That got me to thinking about the many deities and religions — not to mention nations — that have come and gone over the centuries, and how all of them arose because they met timeless human needs. The more I thought about it, the more intriguing the possibility a future society could adapt this ancient practice. Next thing I knew, I was outlining a story I’d already titled “Black Ghost.”

Stories provide much that religion offers. The tales we read, like the ones we encounter in worship, may not be factual but are nevertheless true and necessary. The cycles of nature, the challenge of growing up and leaving home, and one’s inevitable confrontation with life and death arouse fear and fascination within every human heart. Stories and myths have the power to startle, teach, and assure us on life’s journey. That’s why religion and storytelling have germinated in all cultures.

And whatever one’s views on religion, we can all appreciate the story’s secondary themes of the debt the living owe past generations, the heroism of ordinary people that make life possible, and the boundless potential — and petulance — within every 12-year-old. Enjoy.

Spring tidings

Aztec Midnight

Yes, spring is here, and things are popping out all over. First this from my publisher, The Novel Fox:

Our favorite adventure novella, Aztec Midnight, is now literally a page-turner!

Aztec Midnight is available in both ebook and print. Purchase your paperback copy here

Yes, 2016 is off to a good start. So far, I’ve sold three sci-fi/fantasy short stories to three different publishers. One, The Clincher, came out in early March. A second is due in late May, and another will appear in a print anthology in September. I’ve completed the final edits and signed the contracts, so it looks like full steam ahead. Here’s to a productive 2016!

INFOGRAPHIC: A Map of the Literary Genres

ElectricLit has a downloadable map of all the literary genres plus representative books for each category. A few designations may be confusing — I’ve never thought of Southern Gothic as a branch of horror, and some may question putting C.S. Lewis’ The Lion, the Witch, and the Wardrobe under Christian rather than fantasy (most Christian novelists and readers would reject the magic in both Lewis’ and Tolkien’s works). But you’ll have a blast rambling around and even getting lost in this maze of literary geography. Enjoy!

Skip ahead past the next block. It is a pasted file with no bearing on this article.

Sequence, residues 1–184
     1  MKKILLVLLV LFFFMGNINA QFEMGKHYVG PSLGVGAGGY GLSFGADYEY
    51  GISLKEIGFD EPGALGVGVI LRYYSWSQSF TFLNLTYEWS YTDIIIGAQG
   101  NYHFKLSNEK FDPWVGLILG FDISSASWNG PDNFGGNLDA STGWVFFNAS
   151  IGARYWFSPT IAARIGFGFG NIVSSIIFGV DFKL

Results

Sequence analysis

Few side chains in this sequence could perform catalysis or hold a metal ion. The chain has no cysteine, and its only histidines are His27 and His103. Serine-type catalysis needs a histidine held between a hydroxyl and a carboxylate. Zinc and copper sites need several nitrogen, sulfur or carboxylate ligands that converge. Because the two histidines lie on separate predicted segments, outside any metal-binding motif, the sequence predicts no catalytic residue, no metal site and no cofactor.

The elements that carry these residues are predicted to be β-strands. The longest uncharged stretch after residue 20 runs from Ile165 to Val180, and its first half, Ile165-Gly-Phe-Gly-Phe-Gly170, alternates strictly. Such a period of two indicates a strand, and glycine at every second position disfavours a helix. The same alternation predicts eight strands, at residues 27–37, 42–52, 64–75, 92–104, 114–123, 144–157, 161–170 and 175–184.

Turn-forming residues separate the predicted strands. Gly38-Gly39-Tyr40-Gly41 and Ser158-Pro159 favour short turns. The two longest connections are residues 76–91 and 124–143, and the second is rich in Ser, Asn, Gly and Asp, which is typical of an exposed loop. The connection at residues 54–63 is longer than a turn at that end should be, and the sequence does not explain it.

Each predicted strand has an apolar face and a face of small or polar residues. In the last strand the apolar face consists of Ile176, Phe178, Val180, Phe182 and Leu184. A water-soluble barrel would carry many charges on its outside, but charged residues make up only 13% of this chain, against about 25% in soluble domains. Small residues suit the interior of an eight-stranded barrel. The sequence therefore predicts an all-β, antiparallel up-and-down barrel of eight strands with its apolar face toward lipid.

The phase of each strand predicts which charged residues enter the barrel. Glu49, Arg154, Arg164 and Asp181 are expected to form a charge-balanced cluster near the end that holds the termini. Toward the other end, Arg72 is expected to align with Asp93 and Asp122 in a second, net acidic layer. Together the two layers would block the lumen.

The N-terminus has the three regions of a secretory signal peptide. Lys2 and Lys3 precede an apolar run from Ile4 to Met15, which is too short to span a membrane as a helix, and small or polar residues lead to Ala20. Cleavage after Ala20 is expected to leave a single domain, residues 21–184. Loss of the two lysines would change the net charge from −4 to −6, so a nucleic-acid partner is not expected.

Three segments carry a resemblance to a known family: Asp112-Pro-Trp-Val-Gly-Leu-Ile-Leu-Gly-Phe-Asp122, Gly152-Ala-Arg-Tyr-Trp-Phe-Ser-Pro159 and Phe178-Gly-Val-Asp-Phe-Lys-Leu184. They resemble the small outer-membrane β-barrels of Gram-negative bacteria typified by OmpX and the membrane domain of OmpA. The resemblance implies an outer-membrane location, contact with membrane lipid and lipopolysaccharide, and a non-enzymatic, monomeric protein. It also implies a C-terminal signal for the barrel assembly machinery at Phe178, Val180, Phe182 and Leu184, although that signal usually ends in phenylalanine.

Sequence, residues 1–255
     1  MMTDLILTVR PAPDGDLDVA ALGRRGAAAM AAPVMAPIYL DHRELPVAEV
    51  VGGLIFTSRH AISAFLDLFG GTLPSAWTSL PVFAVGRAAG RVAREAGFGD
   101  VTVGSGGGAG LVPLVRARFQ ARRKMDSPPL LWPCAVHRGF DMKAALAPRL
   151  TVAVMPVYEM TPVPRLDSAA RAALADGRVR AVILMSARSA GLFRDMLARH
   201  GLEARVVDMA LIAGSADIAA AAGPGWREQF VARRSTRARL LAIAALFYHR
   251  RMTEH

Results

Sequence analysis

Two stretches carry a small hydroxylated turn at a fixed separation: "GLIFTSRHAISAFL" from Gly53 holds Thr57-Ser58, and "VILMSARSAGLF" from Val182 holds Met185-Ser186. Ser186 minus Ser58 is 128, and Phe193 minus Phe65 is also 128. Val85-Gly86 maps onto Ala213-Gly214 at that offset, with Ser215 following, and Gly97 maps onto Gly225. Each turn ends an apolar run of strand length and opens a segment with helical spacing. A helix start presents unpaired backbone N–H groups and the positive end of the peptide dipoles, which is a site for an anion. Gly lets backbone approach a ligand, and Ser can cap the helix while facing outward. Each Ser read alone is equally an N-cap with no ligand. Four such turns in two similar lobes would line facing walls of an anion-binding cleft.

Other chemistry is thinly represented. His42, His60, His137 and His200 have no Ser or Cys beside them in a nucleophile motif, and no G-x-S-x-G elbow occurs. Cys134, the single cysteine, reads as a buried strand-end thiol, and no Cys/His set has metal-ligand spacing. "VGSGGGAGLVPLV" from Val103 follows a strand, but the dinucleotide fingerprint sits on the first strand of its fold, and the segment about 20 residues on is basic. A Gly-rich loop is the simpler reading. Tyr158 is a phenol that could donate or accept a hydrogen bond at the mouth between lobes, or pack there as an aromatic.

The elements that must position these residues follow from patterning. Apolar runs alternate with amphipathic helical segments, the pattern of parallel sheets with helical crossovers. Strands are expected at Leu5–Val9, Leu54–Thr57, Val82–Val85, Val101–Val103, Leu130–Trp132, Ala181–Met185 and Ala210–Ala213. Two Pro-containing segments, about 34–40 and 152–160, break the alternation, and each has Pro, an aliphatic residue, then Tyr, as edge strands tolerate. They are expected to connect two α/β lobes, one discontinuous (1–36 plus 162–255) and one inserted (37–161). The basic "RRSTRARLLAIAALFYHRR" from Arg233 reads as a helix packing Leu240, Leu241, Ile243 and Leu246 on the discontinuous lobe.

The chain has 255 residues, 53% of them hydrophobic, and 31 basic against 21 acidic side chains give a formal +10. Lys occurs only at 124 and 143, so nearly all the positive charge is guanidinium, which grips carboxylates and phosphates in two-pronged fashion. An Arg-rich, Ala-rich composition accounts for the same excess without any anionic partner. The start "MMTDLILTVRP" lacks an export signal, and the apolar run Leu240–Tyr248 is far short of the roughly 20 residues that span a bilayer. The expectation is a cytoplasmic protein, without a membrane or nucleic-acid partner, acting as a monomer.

The Writer’s First Commandment

Cameron

The Writer’s First Commandment is: Read. Write. Repeat. Read everything you can get your hands on, because you never know where story ideas will come from.

For example, one of Aesop’s fables provided the inspiration for my flash fiction piece Cameron Obscura:

AN ASTRONOMER used to go out at night to observe the stars. One evening, as he wandered through the suburbs with his whole attention fixed on the sky, he fell accidentally into a deep well. While he lamented and bewailed his sores and bruises, and cried loudly for help, a neighbor ran to the well, and learning what had happened said: “Hark ye, old fellow, why, in striving to pry into what is in heaven, do you not manage to see what is on earth?”

That got me to thinking about a TV news story I’d seen years earlier about two boys who had to be rescued from a well they got stuck in while trying to see stars during the day. They learned two valuable lessons: You can’t see stars from the bottom of a well when the sun’s shining. And it’s easier to get into a deep hole than to get out of it.

The character I imagined getting into such a situation was based on the brother of a college girlfriend. He was autistic, and took things very literally. It fascinated me how this very sweet, kind-hearted young man could tell you all about his impressive insect collection, but couldn’t fix a meal for himself.

The final element came from an article I’d recently read. I’ve always been a science buff, and faithfully keep up with Dr. Daniel Caton, an astronomer who writes a regular column for the Charlotte Observer. In that article, Caton counseled amateur astronomers not to regret their decision to pack up their equipment when bad weather interferes with their stargazing. Yes, the sky might clear up hours later, but it’s better to live with your choice and return later, fully rested.

These various elements came together nicely into my story, and Fabula Argentea accepted it. It occurred to me that I should let Dr. Caton know his column had inspired it. He was pleased to hear this:

Mike,

I loved the story! I’m glad that adding the “never look back” made the difference in getting it published. I liked the title, too–a clever play on words.

And, thanks for the kind words on my column. May I Tweet/FB the link to the story?

Dr. Daniel B. Caton, Ph.D.

He tweeted my story to his followers, and another astronomer re-tweeted it.

I think C.P. Snow would have approved.